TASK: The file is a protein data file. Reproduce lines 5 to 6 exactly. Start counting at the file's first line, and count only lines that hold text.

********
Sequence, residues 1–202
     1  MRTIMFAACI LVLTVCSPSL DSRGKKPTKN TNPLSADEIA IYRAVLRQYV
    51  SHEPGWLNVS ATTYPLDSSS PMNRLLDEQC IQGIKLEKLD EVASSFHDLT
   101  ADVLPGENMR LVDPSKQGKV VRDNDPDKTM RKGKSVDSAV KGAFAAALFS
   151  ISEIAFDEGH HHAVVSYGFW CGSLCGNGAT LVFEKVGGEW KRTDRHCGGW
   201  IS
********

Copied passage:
   151  ISEIAFDEGH HHAVVSYGFW CGSLCGNGAT LVFEKVGGEW KRTDRHCGGW
   201  IS